It’s a place that brings children together — to laugh, learn and grow — and reminds these youngsters what it is to be a child.
Instead of working, over 25 Pakistani youth aged three to 13-years-old, are spending their youth alongside other children, learning English, math and Urdu in a small, one-room classroom.
Twenty-three-year-old University of Calgary international relations student, Sheraz Ali Khan, and 12 friends from the Pakistani Youth Organization started the initiative more than three years ago in their hometown of Karachi.
“It’s a large city, but there are so many areas where youngsters are deprived of quality education,” Khan explains. “…We went to the houses of every parent. It was one of the most difficult tasks, because each parent wanted their children to go and earn for them.”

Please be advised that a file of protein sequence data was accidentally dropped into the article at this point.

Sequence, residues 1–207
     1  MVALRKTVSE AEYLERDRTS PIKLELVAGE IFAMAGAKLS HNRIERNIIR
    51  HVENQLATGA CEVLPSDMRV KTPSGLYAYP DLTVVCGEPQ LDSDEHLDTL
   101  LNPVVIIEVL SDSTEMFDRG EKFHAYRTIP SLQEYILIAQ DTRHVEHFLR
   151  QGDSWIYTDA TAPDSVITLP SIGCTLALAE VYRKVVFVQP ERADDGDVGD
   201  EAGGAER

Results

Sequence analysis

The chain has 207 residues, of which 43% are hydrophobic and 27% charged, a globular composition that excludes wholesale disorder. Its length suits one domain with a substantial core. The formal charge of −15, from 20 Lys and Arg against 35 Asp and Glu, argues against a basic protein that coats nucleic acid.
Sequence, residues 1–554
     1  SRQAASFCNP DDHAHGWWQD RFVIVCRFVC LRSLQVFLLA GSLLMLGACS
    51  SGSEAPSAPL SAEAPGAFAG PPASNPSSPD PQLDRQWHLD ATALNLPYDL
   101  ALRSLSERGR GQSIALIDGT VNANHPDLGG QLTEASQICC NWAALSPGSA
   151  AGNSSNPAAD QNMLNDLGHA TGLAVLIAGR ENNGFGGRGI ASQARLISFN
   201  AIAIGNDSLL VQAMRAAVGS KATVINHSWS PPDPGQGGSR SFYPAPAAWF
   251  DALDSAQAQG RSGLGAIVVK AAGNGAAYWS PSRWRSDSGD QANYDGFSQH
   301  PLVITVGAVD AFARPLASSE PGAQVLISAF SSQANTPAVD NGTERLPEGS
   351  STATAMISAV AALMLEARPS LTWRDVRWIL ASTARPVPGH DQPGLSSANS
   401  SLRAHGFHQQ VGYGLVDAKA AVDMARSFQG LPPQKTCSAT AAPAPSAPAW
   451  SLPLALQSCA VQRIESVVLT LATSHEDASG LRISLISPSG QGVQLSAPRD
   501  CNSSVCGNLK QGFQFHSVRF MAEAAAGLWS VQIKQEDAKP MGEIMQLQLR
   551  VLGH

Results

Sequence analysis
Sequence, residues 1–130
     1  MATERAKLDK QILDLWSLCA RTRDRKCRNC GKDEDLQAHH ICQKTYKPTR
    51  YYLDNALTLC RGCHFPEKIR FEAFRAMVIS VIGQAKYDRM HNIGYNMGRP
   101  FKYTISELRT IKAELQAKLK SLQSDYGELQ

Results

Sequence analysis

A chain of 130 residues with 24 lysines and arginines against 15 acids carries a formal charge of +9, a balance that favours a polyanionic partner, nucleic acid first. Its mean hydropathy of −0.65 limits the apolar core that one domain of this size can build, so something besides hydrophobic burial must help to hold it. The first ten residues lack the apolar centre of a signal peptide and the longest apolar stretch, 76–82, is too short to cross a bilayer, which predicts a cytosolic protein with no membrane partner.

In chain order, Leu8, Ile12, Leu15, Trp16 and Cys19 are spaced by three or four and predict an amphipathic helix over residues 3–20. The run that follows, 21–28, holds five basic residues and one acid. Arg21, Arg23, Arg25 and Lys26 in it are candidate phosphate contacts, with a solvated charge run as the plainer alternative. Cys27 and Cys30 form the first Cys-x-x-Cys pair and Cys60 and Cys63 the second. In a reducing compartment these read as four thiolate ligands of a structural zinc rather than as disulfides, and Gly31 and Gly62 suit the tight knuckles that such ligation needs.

Named after an ambitious young friend who died in a motorcycle accident at only 23-years-old, The Tauseef Memorial School is run out of Khan’s father’s home in Pakistan. Someday, the group hopes to move the school into a separate building.
So far Khan, who moved to Canada from Pakistan in 2007, has raised about $500.
It’s less than half the amount ($2,500) he needs to move the school into it’s own building and register it with the government of Pakistan, yet he remains confident he’ll be able to raise the needed amount within a year.
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